These days, the corporate sector is taking on the texture of refined dog poop. With the Eurozone Crisis and American debt looming, everyone’s looking for a safe port: the Civil Service. Pay rates are high, the system is incorruptible, and it’s an “iron rice bowl”. But is the Civil Service all it’s cut out to be? And what are the drawbacks to being a government, as opposed to corporate, drone? Let’s find out:
What is the Civil Service?
In the simplest sense, everyone who works for the government. This ranges from SAF regulars to the people who stamp your passport.
The biggest difference between civil servants and corporate workers is their key performance indicator (KPI). The fire department, for example, doesn’t generate any profit. Their KPI (and hence their bonus) is based on a statistical drop in the number of fires. In the corporate sector, KPI is seldom tied to what doesn’t happen.
To illustrate the difference: if the bank ran the fire department, they’d set fire to your apartment every other week, and then charge you to put it out.
The Civil Service Pay Scale
The pay of civil servants is organized into “bands”. This makes the pay uniform across the different departments. So a sergeant in the army, for example, makes as much as a supervisor in a community club.
Yeah, someone who handles live explosives earns as much as someone who stacks chairs all day. I said “uniform”, not “fair”.
The following table is an approximation, derived from annoying civil servants with too many questions. It’s not official:
$9000 – $15,000
MX10 (Senior Management)
$6000 – $9000
MX11 (Middle Management)
$4000 – $6000
$2500 – $5000
MX13 (Fresh Graduates)
The “MX” stannds for “Management Executive Scheme.” This is the track that most degree holders can expect to be on. In theory, the civil service pay scale is pegged to private sector rates.
The main advantages of the civil service can be summarized as:
- Subsidised Skills Development
- Subsidised Facilities
- Practical Services
The Civil Service is often called “the iron rice bowl”. It’s harder (not impossible, but much harder) to get retrenched from the Civil Service. Regardless of how far down the toilet the economy is, we’ll always need a police force, a customs department, a health department, etc.
Because they set the labour laws, the Civil Service has a tight adherence to them. You won’t have bosses who give you a blank stare when you mention AWS, or have a dental scheme that involves string and a doorknob. The pay is always on time, the bonuses are predictable, and it’s easy to exercise employment rights.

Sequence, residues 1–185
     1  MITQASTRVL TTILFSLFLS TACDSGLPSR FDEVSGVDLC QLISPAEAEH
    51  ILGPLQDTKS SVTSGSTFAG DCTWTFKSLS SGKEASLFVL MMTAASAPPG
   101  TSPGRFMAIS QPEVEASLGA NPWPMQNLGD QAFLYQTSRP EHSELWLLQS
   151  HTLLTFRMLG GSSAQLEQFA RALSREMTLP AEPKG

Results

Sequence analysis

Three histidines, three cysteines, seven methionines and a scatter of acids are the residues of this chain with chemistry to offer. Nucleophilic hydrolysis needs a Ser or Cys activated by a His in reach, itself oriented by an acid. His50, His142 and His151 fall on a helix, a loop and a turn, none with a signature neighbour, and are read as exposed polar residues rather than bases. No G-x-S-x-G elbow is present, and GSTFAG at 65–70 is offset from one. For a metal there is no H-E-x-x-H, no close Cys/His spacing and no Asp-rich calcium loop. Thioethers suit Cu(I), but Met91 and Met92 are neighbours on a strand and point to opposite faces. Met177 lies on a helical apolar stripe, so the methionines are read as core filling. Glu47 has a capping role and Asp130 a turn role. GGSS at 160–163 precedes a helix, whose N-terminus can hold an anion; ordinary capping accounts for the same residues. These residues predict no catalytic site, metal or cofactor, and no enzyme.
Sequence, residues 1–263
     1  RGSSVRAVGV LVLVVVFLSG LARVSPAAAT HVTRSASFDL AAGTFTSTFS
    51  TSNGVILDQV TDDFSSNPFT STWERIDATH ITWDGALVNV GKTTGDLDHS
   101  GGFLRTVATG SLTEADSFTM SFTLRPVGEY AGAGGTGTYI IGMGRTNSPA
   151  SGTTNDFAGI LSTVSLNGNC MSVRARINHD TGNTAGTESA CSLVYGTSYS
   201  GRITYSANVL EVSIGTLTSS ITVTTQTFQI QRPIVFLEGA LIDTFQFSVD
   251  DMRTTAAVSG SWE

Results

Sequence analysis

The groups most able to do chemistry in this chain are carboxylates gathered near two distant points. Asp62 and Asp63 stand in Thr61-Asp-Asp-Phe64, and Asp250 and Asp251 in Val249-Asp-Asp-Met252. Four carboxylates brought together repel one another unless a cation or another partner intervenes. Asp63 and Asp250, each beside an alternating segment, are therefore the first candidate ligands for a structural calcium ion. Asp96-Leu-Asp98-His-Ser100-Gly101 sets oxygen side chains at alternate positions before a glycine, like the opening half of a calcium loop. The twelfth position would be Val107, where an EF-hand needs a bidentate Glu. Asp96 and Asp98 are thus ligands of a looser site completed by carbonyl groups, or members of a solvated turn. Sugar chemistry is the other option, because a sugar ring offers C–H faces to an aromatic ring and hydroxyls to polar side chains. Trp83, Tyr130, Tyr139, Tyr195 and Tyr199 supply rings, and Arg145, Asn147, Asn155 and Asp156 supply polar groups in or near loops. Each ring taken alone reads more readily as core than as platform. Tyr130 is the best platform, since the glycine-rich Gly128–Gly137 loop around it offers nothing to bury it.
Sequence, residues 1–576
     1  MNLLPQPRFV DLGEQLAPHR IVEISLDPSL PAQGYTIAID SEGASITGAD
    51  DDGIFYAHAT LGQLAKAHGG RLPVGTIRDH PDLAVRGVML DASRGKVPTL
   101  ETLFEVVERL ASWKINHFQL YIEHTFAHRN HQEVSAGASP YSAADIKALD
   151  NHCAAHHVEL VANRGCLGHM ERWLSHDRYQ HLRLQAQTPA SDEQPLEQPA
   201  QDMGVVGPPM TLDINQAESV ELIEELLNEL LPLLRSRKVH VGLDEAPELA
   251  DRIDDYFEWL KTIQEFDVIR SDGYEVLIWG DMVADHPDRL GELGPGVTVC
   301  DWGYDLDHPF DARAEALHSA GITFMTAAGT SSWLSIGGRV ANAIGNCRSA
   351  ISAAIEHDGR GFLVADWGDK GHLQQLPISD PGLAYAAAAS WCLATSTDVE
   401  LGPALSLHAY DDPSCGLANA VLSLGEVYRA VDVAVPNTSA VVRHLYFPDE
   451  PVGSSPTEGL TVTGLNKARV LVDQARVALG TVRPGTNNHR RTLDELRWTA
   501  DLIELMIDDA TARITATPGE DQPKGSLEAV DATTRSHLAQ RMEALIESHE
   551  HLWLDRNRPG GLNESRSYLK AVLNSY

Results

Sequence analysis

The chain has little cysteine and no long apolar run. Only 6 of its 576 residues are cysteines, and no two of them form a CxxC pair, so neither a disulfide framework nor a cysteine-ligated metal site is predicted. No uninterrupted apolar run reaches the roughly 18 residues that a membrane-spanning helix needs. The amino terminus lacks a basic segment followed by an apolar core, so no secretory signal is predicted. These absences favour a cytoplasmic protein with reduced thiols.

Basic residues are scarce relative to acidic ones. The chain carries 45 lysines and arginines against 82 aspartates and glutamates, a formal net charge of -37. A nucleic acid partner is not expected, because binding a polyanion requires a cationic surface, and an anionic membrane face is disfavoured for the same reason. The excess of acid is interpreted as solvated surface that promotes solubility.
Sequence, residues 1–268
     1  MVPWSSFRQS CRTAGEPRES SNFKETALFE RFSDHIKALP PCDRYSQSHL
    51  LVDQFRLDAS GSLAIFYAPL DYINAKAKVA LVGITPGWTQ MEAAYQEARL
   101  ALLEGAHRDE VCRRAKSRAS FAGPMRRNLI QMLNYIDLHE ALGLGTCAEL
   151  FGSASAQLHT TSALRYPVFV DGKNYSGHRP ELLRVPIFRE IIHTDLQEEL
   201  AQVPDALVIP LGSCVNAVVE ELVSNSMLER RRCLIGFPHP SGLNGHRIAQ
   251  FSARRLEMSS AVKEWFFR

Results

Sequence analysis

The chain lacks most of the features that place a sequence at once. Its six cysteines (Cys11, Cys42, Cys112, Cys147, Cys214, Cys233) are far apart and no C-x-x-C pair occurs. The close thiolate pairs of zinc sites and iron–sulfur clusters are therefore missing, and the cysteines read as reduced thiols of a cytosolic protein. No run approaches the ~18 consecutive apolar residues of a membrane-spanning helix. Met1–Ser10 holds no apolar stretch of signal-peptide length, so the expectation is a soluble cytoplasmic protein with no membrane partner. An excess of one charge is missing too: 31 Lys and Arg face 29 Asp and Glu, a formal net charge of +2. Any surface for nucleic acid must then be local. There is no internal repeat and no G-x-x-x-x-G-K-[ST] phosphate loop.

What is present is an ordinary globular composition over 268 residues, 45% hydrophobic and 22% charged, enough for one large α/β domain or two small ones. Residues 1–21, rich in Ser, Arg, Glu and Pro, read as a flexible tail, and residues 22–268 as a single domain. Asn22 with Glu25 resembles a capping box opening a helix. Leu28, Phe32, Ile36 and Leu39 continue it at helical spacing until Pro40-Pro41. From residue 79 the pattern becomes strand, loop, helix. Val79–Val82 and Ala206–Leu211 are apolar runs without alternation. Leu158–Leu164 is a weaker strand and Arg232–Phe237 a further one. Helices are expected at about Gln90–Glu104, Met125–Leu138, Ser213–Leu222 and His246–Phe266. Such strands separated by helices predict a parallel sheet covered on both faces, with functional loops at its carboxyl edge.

Subsidised Skills Development
Singapore’s Civil Service emphasizes workforce development and lifelong learning. If you work for them, you can look forward to subsidised training or degree courses. Granted, you can also find this in the corporate sector; but opportunities are never as abundant and accessible as in the Civil Service.
Pound for pound, the Civil Service offers some of the best employee facilities. From the SAF yacht club to the Aloha resort, Civil Servants have more discounts than Geylang has…food outlets. There are corporate sector jobs which have subsidised facilities, but few to the extent of Singapore’s Civil Service.
Civil Service offers jobs with immediate, practical value. If you’re being mugged, who’d you rather see coming round the corner? A policeman with a tazer or your lawyer with a briefcase? Most Civil Service jobs are of immediate value to someone.
The downside to working in Civil Service can be summarized as:
- Strict Top-Down Hierarchy
- Emphasis on Paper Qualifications
- (Perceived) Lack of Creative Space
Strict Top – Down Hierarchy
The hierarchy in a Civil Service department is strict, especially in segments like the military. Instructions come from the top-down, and there’s less communication between the levels. This is not the right career path for someone who won’t take orders, or likes to ask “why”.
Emphasis on Paper Qualifcations
Talking to Civil Servants about government scholarships is like strapping Molotov cocktails to your groin and playing with matches. It’s dangerous is what I’m saying. Apparently, you can’t even talk about this online without everyone staying civil (pun intended).
It’s a common complaint: In Civil Service your qualifications matters more than your work. You’ll have to tolerate the fact that, so long as someone has higher qualifications, they’ll probably be your boss. Even if they can’t find their own backside with both hands.
It also means a ceiling exists for diploma or “O” level holders. In the corporate sector, your performance can override a lack of qualifications. But don’t count on it happening in Civil Service.
(Perceived) Lack of Creative Space
The Civil Service prefers established routines. Because the last thing you want is for the riot squad to get “creative” when dealing with a teen mob. If you want jobs that reward daring initiatives and lateral thinking, most civil service jobs aren’t for you.
Then again, there’s plenty of corporate jobs that are just as bad.
If you join, make sure you have a degree. Unless you’re on the MX track, there’s a risk that 10 or 20 years from now, you’ll be stuck in the same job. At the very least, join with the intent to get a degree; make full use of that subsidised education.
If you like stability and are risk averse, the Civil Service may be your thing. But if you’re the go-getter entrepreneurial type, there are less painful experiences out there.
Do you work for the Civil Service? Comment and share your thoughts!
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